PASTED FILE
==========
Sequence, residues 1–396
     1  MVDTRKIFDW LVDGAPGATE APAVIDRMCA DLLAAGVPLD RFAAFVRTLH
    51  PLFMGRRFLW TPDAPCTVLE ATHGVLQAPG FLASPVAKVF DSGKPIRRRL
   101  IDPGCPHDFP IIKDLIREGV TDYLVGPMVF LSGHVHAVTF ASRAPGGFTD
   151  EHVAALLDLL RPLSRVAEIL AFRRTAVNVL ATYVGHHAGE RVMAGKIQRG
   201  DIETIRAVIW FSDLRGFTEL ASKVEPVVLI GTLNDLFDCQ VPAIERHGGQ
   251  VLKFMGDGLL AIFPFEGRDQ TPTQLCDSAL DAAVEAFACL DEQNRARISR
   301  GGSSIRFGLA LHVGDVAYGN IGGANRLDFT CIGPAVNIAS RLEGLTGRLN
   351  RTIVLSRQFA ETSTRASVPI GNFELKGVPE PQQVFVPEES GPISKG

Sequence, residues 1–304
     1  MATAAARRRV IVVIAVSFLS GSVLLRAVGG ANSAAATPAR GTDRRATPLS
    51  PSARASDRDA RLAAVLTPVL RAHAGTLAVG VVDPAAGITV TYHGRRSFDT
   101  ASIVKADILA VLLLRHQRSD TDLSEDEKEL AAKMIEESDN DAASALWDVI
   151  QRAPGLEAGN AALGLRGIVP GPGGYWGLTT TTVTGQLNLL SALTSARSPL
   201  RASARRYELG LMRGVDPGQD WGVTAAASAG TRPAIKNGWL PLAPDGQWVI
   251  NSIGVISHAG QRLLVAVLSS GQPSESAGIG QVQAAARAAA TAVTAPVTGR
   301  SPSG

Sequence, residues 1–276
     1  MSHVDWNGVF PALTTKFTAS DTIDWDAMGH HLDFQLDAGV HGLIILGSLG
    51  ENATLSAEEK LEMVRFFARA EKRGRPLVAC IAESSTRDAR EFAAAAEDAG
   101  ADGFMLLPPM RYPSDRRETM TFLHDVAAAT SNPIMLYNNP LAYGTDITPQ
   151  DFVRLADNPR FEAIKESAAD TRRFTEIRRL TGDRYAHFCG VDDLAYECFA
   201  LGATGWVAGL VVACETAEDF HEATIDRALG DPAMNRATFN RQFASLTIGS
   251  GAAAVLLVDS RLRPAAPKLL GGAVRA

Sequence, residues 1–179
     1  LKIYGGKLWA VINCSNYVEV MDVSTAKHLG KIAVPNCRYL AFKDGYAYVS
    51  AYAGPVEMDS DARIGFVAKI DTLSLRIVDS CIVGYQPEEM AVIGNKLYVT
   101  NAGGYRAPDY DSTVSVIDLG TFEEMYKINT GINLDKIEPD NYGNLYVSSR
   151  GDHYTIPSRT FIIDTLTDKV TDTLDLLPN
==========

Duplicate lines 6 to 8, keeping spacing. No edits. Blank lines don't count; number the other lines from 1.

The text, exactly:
   201  DIETIRAVIW FSDLRGFTEL ASKVEPVVLI GTLNDLFDCQ VPAIERHGGQ
   251  VLKFMGDGLL AIFPFEGRDQ TPTQLCDSAL DAAVEAFACL DEQNRARISR
   301  GGSSIRFGLA LHVGDVAYGN IGGANRLDFT CIGPAVNIAS RLEGLTGRLN